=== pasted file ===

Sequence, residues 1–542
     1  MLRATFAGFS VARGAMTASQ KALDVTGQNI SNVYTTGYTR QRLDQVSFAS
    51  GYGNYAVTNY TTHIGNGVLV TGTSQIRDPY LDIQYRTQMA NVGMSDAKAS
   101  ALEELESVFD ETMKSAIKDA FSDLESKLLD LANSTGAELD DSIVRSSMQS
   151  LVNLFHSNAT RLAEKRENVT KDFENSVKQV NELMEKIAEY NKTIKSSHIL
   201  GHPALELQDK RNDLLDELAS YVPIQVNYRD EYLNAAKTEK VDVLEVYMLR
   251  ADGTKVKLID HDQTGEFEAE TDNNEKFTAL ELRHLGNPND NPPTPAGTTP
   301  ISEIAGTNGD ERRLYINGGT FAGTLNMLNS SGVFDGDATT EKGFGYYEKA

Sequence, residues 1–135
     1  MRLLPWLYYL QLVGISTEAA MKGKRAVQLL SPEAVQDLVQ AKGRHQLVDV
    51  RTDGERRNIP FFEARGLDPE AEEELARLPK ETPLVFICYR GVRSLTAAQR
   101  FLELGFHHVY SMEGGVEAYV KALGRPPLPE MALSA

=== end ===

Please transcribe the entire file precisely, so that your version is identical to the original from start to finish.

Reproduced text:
Sequence, residues 1–542
     1  MLRATFAGFS VARGAMTASQ KALDVTGQNI SNVYTTGYTR QRLDQVSFAS
    51  GYGNYAVTNY TTHIGNGVLV TGTSQIRDPY LDIQYRTQMA NVGMSDAKAS
   101  ALEELESVFD ETMKSAIKDA FSDLESKLLD LANSTGAELD DSIVRSSMQS
   151  LVNLFHSNAT RLAEKRENVT KDFENSVKQV NELMEKIAEY NKTIKSSHIL
   201  GHPALELQDK RNDLLDELAS YVPIQVNYRD EYLNAAKTEK VDVLEVYMLR
   251  ADGTKVKLID HDQTGEFEAE TDNNEKFTAL ELRHLGNPND NPPTPAGTTP
   301  ISEIAGTNGD ERRLYINGGT FAGTLNMLNS SGVFDGDATT EKGFGYYEKA

Sequence, residues 1–135
     1  MRLLPWLYYL QLVGISTEAA MKGKRAVQLL SPEAVQDLVQ AKGRHQLVDV
    51  RTDGERRNIP FFEARGLDPE AEEELARLPK ETPLVFICYR GVRSLTAAQR
   101  FLELGFHHVY SMEGGVEAYV KALGRPPLPE MALSA